In this world of falsehoods, duplicitous behaviour and double dealing the one thing we must all strive for above all others is truth. My wife grew up in a world heavy with the former and very little of the latter – the Soviet Union. The worst of it was that those negatives were state-sponsored, with a challenger facing the prospect of a bullet in the back of the head, the Gulag or in the later years after Stalin’s death being assigned to the madhouse, there to be medicated with mind-bending drugs which effectively turned them into a zombie.
The thinking was that if you couldn’t see the benefits of Communism you must, indeed, be mad. In true Kafkaesque, they even named the regime’s leading newspaper ‘Pravda’, which in Russian means truth. Yet for all the suffocating and malign effects of government policy, people did know much of the truth. Today’s N. Korea is an out-on-its-own, bizarre exception. Nothing in all human experience quite compares with what they do there. However, in order to get a decent job and stay out of trouble with the Soviet version, the bulk of the people chose to play the system and not challenge it. Only in the anonymity of the kitchen did they dare to speak their true thoughts.
Thankfully that system has been consigned to the dustbin of history and my wife’s once occupied people, the Lithuanians, can breathe the sweet air of Liberty – guaranteed, I’m proud to say, by our own RAF (among others) jets which daily sweep their skies. We in Europe congratulated ourselves that our own steadfastness – mightily reinforced, I have to say, by Uncle Sam – has seen off the dead hand of tyranny in our own continent. Only the single, anomalous state of Belarus remains to remind us of the awfulness of the system which prevailed for so long.
But far away, across the other side of the world, an eastern version staggers on. Full of absurd contradictions, it has loosened the economic purse-strings to such an extent that to pretend it reflects the thoughts of Marx and Engels is to put us back once more into the realms of Kafka. However, in terms of the suppression of liberties it is still very much in the mould of the old masters. I refer, of course, to Communist China.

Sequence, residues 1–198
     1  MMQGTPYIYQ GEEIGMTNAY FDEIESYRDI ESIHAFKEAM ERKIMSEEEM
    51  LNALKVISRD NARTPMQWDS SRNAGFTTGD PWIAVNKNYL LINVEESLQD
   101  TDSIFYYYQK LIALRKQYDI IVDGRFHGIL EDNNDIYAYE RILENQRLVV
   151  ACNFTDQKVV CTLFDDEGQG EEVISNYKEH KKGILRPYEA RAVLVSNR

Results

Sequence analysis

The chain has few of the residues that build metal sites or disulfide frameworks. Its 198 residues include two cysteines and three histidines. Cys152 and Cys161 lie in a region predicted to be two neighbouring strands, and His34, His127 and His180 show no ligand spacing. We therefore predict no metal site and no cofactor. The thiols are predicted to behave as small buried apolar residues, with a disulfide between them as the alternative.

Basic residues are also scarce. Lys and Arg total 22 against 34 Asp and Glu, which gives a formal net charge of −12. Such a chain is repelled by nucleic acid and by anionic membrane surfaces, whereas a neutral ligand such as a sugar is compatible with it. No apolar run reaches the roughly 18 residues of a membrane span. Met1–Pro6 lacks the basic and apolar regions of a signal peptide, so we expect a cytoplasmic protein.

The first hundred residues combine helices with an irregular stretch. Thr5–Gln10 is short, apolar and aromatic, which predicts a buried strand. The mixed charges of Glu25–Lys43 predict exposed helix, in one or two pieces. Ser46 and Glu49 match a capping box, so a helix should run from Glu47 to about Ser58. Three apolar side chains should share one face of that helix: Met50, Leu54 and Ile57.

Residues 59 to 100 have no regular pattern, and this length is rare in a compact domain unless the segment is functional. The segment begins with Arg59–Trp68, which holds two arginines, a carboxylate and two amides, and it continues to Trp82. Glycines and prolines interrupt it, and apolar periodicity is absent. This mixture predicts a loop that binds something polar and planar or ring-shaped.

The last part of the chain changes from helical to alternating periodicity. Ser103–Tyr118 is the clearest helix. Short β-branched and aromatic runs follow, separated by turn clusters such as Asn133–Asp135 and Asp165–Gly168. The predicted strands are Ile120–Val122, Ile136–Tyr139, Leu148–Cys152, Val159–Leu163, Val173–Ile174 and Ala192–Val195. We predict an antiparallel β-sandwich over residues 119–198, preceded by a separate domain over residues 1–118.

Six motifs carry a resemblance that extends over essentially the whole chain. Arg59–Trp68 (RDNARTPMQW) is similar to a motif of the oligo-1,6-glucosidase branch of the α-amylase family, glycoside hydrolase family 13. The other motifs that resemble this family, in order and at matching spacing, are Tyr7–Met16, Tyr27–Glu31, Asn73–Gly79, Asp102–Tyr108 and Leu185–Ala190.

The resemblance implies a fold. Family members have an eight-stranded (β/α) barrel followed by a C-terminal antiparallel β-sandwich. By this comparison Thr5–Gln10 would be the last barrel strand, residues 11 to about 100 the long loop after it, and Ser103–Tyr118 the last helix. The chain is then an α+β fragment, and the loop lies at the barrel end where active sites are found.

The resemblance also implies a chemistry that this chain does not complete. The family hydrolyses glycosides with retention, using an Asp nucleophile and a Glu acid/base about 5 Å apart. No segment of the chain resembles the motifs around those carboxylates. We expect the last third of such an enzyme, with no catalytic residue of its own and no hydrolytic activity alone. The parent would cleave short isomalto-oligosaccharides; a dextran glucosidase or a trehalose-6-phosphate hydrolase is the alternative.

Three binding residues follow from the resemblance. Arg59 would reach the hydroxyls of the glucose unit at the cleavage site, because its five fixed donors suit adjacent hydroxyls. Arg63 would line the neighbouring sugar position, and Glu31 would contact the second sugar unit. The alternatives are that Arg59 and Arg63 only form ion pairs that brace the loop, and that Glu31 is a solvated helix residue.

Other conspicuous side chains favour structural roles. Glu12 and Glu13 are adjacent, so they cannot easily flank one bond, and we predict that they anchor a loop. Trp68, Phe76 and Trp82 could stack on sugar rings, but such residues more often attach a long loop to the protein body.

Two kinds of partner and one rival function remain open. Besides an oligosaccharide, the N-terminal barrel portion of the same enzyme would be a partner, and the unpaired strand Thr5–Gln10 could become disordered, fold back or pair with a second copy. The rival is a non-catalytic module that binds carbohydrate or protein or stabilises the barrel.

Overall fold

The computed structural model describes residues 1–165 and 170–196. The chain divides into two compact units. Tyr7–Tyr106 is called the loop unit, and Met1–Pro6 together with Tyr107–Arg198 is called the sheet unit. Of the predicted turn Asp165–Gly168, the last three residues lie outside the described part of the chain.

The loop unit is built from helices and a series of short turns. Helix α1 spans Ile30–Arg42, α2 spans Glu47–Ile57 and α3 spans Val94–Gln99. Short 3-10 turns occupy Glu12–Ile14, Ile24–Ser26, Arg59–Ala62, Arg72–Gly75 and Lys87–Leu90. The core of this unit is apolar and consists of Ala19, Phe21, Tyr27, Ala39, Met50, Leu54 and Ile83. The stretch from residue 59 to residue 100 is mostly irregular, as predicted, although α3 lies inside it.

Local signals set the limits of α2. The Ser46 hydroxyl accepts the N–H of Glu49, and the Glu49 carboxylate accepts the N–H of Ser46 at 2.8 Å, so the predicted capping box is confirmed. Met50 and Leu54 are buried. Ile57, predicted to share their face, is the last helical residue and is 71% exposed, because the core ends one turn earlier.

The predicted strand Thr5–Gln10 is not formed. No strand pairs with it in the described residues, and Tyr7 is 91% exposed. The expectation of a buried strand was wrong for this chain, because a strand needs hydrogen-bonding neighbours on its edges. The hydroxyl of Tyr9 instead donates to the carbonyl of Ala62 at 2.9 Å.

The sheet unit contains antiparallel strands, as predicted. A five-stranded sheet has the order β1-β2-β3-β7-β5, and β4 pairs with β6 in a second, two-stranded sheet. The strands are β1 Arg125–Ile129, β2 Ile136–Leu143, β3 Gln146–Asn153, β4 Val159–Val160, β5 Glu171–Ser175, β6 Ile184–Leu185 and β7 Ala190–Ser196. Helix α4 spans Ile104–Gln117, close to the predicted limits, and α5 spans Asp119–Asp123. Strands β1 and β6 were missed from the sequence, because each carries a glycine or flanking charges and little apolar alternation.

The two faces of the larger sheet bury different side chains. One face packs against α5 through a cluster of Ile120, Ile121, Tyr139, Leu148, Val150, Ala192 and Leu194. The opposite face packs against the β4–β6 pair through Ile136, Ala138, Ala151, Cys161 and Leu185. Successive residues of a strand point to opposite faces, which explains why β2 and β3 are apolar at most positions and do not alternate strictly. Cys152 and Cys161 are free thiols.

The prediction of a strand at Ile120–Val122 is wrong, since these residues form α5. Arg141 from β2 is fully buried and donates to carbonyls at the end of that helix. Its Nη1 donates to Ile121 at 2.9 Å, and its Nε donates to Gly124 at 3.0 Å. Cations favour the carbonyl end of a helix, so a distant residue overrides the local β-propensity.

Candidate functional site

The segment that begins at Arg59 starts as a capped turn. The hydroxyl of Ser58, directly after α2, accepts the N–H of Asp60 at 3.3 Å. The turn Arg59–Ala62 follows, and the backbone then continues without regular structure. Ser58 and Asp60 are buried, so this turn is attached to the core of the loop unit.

This year marks the twenty-fifth anniversary of the student uprising in Tiananmen Square in which, after much prevarication, the regime shot and crushed beneath tank tracks hundreds, perhaps over a thousand young people. All mention of that terrible atrocity has throughout this quarter century been forbidden in the Chinese media. A state-sponsored collective amnesia has blanketed the Chinese people. It is a non-event to be airbrushed from memory – except that it hasn’t, at least in a normally tranquil and prosperous part of the Middle Kingdom, which is what China liked to call itself when it considered it was the centre of the world. That corner of mainland China – where 100,000 people took to the streets in remembrance of the students – is Hong Kong. To the fury of the regime, the people there took no notice of Beijing’s ban on gatherings.